However, in our female Ironman triathletes, training volume was significantly associated with total race time (Figure 5) in contrast to anthropometry (Figure 4). This is in agreement with previous findings in female triathletes. Leake and Carter (16) compared body composition in swimmers, triathletes, and runners. They found no correlates of anthropometry with the prediction of performance, and their conclusion was that training parameters were more important than anthropometric measures in female triathletes. All training variables (training distance in kilometers, training time in hours and training experience in years) were significantly correlated with race performance in their female short-distance triathletes. We must suggest after confirmation of their data that gender-specific differences seem to exist regarding the association of anthropometry and training in triathletes.
This investigation is limited because of the rather small sample size. Regarding the total field of finishers in the race, our male subjects represent 1.2% of all male finishers; our female subjects represent 9.9% out of all female finishers. The distribution of the race time of the male subjects represents the field of male athletes; however, the female subjects represent rather the back of the field. This cross-sectional study is limited regarding the influence and effects of anthropometry and both volume and intensity during training on race performance in Ironman triathletes, because only an intervention trial can answer this question. Other factors that could hypothetically influence performance include nutritional components, matching fluid losses with intake, biomechanics, relative training intensities, both mental and motivational considerations, etc., may also influence performance. These factors were not included in this observational study. Although the limitations are many, in this sample of triathletes, we found the mentioned relationships between anthropometrics and performance. We believe that the observed effect sizes together with the results of the multiple regression models strengthen our conclusion although based on observational findings.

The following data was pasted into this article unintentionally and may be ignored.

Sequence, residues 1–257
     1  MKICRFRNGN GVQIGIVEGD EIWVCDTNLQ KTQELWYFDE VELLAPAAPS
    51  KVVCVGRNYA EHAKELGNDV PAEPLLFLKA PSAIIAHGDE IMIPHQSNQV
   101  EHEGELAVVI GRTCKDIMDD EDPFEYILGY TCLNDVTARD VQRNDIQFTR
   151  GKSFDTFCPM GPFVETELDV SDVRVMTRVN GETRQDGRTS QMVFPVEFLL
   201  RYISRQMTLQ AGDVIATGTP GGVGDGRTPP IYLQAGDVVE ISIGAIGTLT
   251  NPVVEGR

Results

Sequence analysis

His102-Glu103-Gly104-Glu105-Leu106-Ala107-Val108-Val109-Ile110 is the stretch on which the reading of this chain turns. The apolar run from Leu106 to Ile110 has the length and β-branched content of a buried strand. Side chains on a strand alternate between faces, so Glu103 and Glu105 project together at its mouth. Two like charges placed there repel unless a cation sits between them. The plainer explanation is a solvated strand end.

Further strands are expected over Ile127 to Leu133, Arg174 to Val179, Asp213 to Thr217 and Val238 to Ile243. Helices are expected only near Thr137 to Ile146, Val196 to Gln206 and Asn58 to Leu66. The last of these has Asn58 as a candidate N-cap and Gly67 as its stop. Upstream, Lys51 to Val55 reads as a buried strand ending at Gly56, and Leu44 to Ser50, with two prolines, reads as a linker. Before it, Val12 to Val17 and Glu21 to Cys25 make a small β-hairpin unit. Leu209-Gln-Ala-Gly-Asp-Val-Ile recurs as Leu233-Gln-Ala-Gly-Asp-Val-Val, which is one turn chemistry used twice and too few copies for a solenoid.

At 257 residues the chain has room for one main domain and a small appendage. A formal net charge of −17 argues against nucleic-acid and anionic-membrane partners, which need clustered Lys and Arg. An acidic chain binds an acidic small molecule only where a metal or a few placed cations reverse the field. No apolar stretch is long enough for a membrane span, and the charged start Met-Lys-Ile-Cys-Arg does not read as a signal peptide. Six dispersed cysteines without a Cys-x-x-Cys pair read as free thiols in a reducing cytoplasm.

We found in male nonprofessional Ironman triathletes that anthropometry in contrast to training volume was associated with total race time. In contrast, in female Ironman triathletes, training volume was related to total race time and not to anthropometry. We presume for male Ironman triathletes that anthropometry has a major association with race performance rather than training volume, and that male Ironman triathletes are very close to runners from the anthropometric point of view. The rather small sample size of this study might have influenced the outcome. Because percent body fat and average weekly training volume are not related for both male and female Ironman athletes, presumably the relationship between percent body fat, training volume, and race performance is genetically determined. When percent body fat and training volume show no relationship for both men and women, potential intensity in training could be associated with body fat. This might also explain why male athletes with lower body fat compete faster, and percent body fat is related to split times in swimming, cycling, and running in males, but not in females. However, the rather high BMI of these athletes compared with competitive runners might indicate that these recreational athletes were not training as intensely as professional triathletes do. In future studies, the relationship between anthropometry, training volume, and race performance should be investigated in a larger group of male and female Ironman triathletes, including professional triathletes.
For their help in translation, we thank Matthias Knechtle, Lausanne, Switzerland, and Mary Miller from Stockton-on-Tees, Cleveland in England, crew member of an ultraendurance support crew.